Dark Horses to Watch in College Basketball Power Conference Tournaments

Scott Harris@ScottHarrisMMAMMA Lead WriterMarch 8, 2017

Dark Horses to Watch in College Basketball Power Conference Tournaments

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    Oklahoma State guard Jawun Evans
    Oklahoma State guard Jawun EvansPeter G. Aiken/Getty Images

    Everyone knows the front-runners. Now it's time for the sleepers.

    For different reasons, every power-conference tournament carries some interest. Not all of them have in the equation what you might call a legitimate dark horse, but several of them do. 

    The following teams are dark horses because they are not widely expected to contend for the conference-tourney title but could do so anyway. That could be thanks to a late-season hot streak, a favorable draw, a weak conference or a combination of those factors.

Minnesota Golden Gophers

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    Jordan Murphy (right)
    Jordan Murphy (right)Joe Robbins/Getty Images

    Regular season rundown: A five-game losing streak in late January appeared to 86 the Minnesota Golden Gophers' season. But the Gophers rose triumphantly from their burrows to win eight of their last nine and establish themselves as frisky contenders in the Big Ten context. 

    Recent form: Nate Mason, Jordan Murphy and Dupree McBrayer pace the scoring, but a committee-based frontcourt is the real talent, getting easy baskets and pulling down a second-best-in-the-conference 40.1 rebounds per game. Yes, they lost 66-49 at Wisconsin to close the regular season, but if they can find and maintain a clear head, that loss will prove an aberration. 

    Title chances: The Gophers grabbed a No. 4 seed in the Big Ten tourney bracket. That means a double bye and a meeting with the winner between Michigan State and either Penn State or Nebraska. That's winnable.

    If chalk holds, they'll face top-seeded Purdue next. The Boilermakers are tough but they are not dominant, particularly for a team like Minnesota with a strong post presence. If it beats Purdue, all bets are off. Put the title chances at 30 percent.

Virginia Cavaliers

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    London Perrantes
    London PerrantesChet Strange/Getty Images

    Regular season rundown: The Virginia Cavaliers are always there, quietly piling up wins. The likes of Louisville and Notre Dame fell under UVA's rapier, or whatever that thing is called. But they struggled in big games, too, falling to Duke, Florida State and West Virginia, among others.

    Recent form: Left for dead after a late-season swoon, the Cavs recovered nicely with three straight wins, including a defensive gem against North Carolina. Entering the tourney, they haven't lost since Feb. 20.

    Title chances: The ACC tourney bracket has smiled on UVA. On Tuesday, Pitt knocked off a feisty-looking Georgia Tech, perhaps further paving the way for the Cavs. The top-seeded Tar Heels are on the other side of the bracket, while second-seeded but semi-struggling Florida State looks relatively beatable on the UVA side. Chance of a title: 20 percent.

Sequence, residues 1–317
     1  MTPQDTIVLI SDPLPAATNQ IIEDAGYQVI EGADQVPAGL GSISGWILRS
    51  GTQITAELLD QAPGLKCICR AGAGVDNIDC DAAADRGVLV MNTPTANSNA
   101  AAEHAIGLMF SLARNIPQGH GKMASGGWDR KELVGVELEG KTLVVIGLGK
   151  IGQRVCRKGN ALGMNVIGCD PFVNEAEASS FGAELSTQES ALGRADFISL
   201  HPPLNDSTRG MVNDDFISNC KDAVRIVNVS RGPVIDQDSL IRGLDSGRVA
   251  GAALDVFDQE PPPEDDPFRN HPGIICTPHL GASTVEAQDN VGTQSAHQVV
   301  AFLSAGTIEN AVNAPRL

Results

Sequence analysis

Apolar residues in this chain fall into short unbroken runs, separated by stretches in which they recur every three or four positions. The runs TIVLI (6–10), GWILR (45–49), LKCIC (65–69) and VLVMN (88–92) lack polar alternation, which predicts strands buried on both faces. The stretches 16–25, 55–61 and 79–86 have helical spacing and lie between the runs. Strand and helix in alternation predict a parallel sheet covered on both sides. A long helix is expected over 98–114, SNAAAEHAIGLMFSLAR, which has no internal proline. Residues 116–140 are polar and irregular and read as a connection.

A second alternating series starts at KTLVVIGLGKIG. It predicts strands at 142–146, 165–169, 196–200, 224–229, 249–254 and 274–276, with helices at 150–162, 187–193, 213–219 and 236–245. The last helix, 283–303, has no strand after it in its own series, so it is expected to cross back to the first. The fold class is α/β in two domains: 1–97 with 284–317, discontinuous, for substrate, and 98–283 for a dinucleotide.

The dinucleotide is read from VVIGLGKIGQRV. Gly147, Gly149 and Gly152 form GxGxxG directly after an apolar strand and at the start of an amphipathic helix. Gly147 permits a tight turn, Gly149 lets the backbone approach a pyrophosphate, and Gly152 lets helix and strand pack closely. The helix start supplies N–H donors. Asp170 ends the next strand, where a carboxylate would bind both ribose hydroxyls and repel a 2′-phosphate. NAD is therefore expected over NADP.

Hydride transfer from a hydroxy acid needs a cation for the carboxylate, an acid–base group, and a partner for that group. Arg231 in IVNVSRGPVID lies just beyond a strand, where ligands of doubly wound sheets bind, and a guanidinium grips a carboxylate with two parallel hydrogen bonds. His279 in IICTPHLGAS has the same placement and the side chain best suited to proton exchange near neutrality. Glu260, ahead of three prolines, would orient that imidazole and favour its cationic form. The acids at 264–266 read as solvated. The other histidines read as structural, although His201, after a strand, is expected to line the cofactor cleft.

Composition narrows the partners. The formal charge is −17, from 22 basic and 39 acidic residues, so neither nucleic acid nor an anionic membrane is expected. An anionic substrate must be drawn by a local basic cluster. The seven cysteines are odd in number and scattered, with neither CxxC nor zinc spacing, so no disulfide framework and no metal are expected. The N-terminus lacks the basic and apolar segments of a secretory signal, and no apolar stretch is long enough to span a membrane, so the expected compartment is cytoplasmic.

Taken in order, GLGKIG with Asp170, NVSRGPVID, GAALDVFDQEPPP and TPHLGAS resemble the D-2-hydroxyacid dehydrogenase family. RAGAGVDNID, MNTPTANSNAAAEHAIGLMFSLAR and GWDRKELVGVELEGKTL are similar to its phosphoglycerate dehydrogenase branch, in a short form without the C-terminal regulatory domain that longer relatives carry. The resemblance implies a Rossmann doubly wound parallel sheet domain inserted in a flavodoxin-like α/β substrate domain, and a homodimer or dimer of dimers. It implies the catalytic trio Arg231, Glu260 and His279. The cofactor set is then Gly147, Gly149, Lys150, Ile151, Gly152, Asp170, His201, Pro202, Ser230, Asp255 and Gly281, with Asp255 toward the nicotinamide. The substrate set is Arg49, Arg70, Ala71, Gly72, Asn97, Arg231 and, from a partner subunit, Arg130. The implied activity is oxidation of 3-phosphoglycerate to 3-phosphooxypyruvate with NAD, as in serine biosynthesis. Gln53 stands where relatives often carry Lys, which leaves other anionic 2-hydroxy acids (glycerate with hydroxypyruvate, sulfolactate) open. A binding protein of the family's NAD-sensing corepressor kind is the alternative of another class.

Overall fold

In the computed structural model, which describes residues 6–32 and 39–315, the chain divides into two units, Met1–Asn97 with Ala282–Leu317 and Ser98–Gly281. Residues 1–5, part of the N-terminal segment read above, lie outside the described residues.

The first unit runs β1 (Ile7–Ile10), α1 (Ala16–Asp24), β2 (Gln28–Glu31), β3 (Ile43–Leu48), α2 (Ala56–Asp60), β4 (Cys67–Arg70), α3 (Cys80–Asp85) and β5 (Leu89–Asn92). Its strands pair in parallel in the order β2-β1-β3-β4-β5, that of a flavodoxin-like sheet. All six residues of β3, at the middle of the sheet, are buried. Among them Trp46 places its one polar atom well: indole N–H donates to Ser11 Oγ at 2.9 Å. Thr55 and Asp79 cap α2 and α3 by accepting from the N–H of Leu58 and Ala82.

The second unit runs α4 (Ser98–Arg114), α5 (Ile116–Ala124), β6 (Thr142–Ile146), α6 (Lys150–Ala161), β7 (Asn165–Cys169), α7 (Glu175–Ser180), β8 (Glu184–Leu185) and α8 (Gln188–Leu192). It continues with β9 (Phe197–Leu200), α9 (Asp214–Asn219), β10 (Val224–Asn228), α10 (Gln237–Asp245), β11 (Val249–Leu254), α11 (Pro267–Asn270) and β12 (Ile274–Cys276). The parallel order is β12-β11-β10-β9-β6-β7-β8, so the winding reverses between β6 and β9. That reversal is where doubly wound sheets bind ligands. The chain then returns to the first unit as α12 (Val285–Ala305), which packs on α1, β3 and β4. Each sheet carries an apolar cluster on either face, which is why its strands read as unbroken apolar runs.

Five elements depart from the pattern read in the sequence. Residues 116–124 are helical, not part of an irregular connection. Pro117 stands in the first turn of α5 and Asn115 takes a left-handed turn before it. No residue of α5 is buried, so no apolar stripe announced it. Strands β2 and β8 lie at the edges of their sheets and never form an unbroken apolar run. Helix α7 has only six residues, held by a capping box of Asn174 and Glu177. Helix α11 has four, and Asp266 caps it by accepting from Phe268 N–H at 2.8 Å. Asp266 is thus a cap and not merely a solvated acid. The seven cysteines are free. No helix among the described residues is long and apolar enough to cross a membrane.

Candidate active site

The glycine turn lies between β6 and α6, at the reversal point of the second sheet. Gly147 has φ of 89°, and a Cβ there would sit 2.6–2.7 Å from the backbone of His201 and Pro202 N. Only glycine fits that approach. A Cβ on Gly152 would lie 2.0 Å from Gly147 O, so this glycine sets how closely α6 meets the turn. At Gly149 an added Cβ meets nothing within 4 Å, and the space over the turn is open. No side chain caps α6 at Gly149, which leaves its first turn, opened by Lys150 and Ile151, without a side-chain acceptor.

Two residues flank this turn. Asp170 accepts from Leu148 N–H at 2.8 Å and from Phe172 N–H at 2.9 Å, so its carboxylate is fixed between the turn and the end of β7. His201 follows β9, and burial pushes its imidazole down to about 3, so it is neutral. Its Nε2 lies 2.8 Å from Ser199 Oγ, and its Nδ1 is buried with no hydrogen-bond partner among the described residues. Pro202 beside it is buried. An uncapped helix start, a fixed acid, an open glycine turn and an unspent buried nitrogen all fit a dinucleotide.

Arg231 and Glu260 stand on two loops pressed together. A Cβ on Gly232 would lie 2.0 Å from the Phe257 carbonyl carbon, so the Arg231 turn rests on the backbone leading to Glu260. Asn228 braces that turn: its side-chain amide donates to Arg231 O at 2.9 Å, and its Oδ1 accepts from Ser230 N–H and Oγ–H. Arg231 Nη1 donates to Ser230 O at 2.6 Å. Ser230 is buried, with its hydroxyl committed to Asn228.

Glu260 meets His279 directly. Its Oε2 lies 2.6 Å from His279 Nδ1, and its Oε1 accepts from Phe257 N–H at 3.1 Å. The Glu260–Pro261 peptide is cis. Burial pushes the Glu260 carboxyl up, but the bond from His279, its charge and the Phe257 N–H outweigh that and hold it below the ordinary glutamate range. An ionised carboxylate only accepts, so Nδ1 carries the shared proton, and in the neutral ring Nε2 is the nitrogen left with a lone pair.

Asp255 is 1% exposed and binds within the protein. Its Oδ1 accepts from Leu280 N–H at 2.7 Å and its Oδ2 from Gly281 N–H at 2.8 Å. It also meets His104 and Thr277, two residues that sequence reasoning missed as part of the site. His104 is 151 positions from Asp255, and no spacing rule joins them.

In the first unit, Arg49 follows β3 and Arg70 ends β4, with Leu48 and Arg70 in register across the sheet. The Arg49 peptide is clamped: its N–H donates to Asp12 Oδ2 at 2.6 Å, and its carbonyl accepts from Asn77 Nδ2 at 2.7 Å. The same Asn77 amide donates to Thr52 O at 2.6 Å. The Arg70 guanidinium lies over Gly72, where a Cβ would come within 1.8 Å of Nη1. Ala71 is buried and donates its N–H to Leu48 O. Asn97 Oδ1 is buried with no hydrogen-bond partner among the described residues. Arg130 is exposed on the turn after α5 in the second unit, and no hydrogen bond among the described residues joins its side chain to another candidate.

Oklahoma State Cowboys

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    Jawun Evans (right)
    Jawun Evans (right)Justin K. Aller/Getty Images

    Regular season rundown: On Jan. 18, the Oklahoma State Cowboys were 10-8 overall and 0-6 in the Big 12 Conference. That's not what you're looking for if you're a fan of that team. But then OSU rebounded with a run of 10-3. And those three losses were to Kansas, Baylor and Iowa State, all ranked in the top 25 at this moment.

    Recent form: This team can catch fire any time. OSU converts about 41 percent of its three-point attempts, and its 85.6 points per game are ninth nationally, per NCAA stats. And if that's not enough, the Cowboys are tops overall in KenPom's offensive-efficiency ratings

    Title chances: Oklahoma State lost twice this season to Iowa State. And fancy that, that's who Oklahoma State faces in its opening round of the tournament.

    Here's hypothesizing, though, that the team comes out motivated—and, honestly, it's hard to beat a good team three times in one season—and defeat the Cyclones, then upend top-ranked Kansas in the semifinals before closing out Baylor or West Virginia for the title. Chances of actually doing it: 30 percent.

Marquette Golden Eagles

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    Andrew Rosey (left) and Markus Howard
    Andrew Rosey (left) and Markus HowardDarren Hauck/Associated Press

    Regular season rundown: It hasn't been a season of great note for Marquette to this point. The Golden Eagles ended the regular season at 19-11 overall and 10-8 in the Big East Conference. That's the same conference that became a bit of a rock fight in the latter portion of the season. Marquette is right in the thick of it, finishing sixth of 10 teams.

    Recent form: The Golden Eagles are the winners of four of their last five, including two victories over a solid Xavier squad. Only Creighton scores more per game in the conference than the 82.7 of Marquette. The team also sits third in the conference with a 49 percent team shooting average.

    The jets have really been on of late, surpassing 90 in each of its past two games, both wins. The team has been so sharp, in fact, that it is now seventh in KenPom's offensive ratings. 

    Title chances: Everyone has to throw a Hail Mary, right? Here goes mine. I'd put the chances of this actually happening at only 10 percent or so, but we all must sometimes take risks in life.

    Marquette gets Seton Hall in its first game on the bracket then would have to upend mighty Villanova before moving on to, chalk assumed, Butler. Villanova is a high mountain for anyone to climb, but Marquette just might be able to shoot its way over it.